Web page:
I lost my newborn to the inadequacies in our health sector
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I lost my newborn to the inadequacies in our health sector

Posted by JONATHAN AKWETEIREHO

on  Thursday, July 14  2011 at  00:00

I need help to find a fitting description of Hoima regional referral hospital. Every time I’m about to get one, the word, “funeral” seems to replace “referral” and I can’t help it but cry. On July 4, at around 4:00am, my wife reported to this hospital, presumably the ‘best’ public one in the area. We were excited not just because of a new life that she was about to bring forth but two, because we were expecting twins.

The first twin came out in hardly six minutes, despite the nurse on duty not being cooperative, at first. Complications came with the second one. When contacted, the doctor who was to be on duty, said he was in Kibaale district, many miles away. Yet, at this level, the complication required a doctor’s intervention. One of the nurses who was around said her duty at the hospital was only to record the details of births and deaths of newborns and mothers.

With every passing second, the possibility of losing the mother or the child or both seemed close. Even though it was a whole two hours later, there was some relief with the arrival of Dr Kasujja Kitunzi, a consultant gynaecologist, who was got from her rest. The doctor, who did all that she could, had been on duty only a few hours earlier. As efforts was being made to get my wife to the theatre, the second twin arrived, tired and weak.

Oxygen was administered onto the baby, but at around 10:00am, it was removed. After contacting various doctors and nurses, they seemed surprised that the baby had been left to die, just like that! I was told that out of oxygen, it would not survive for long.

With the help of some friends, we contacted the Hospital Medical Superintendent, Dr Francis Mulwanyi, who took us through the hospital’s many problems as he tried to comfort us. I reluctantly listened to him because these are the kind of stories I have heard for long.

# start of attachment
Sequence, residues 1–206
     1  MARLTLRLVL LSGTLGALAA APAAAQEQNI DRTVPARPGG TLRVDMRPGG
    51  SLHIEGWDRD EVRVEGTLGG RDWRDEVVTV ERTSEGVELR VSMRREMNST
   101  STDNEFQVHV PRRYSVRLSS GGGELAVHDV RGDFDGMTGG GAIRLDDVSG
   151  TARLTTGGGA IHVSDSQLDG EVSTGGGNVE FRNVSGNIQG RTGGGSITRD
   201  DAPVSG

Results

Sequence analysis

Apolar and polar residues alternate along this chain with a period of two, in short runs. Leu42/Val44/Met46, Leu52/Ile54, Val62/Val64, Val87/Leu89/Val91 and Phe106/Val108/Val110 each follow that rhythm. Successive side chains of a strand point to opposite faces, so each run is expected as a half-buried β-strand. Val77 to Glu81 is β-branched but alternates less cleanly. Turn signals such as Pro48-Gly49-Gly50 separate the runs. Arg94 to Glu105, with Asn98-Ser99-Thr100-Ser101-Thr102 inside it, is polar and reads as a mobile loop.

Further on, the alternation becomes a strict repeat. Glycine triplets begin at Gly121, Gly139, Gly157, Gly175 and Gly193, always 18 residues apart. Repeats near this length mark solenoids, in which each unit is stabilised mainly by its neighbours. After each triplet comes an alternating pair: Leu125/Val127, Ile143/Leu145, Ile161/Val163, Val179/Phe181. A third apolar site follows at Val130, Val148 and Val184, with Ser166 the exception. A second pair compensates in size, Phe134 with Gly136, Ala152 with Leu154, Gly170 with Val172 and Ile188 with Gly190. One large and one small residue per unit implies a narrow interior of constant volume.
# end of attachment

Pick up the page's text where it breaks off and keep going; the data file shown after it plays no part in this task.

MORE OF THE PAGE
The doctor that the superitendent called said he was looking after his sick wife. Dr Mulwanyi then ordered him to link us to an intern. The intern, one Godson, who said had seen the baby in the morning later told me that he was surprised that it was still alive. He returned it onto the oxygen machine. That was at 5:00pm!

Godson told me that much as it had been predicted that the child would die shortly after birth because of brain damage, our lovely Edna Siima passed away about 21 hours after birth.

On oxygen, the baby was put in an obsolete wooden basket-like bed, in an open area, with high temperatures amidst wailing women. The noise from the ‘oxygen machine’ sounded like it was from a generator. I will never cease to marvel about this referral hospital. Perhaps these are the wonders of the times.

More disgusting is that the dead as a result of labour complications are placed in the veranda, at the entrance. That is what welcomes an expectant mother on arrival, perhaps signalling to her, her likely destiny. Until this time, I didn’t know that some people instead get surprised when one delivers successfully from Hoima referral hospital.

The night we lost Edna Siima revealed alot. I witnessed a nurse working like a robot in an over-crowded maternity ward, screaming expectant mothers, dying babies and mothers, emergency arrivals, blood transfusions, embalming dead bodies, putting patients on drip. At 5:00am, I saw cleaners force mothers, some of who had just delivered to vacate the corridors to go out to the chilly verandas and tree sheds with their newborns.

In circumstances like this we rush to blame the hospital staff. Sometimes, like in this case, we could be right, but for the more than a decade that I have been writing about the health sector, as a journalist, I conclude that the problem is sometimes beyond their control even when there is a will.

I have turned down many calls from friends and lawyers to take legal action for the death of our baby, because it can’t change the health system of this country. Concerned Ugandans want a functional healthcare system. At the risk of being misinterpreted, I can boldly say there is no political will to have this so. Our baby is one of the thousands that are dying without benefiting anything from the taxes they pay even before birth!

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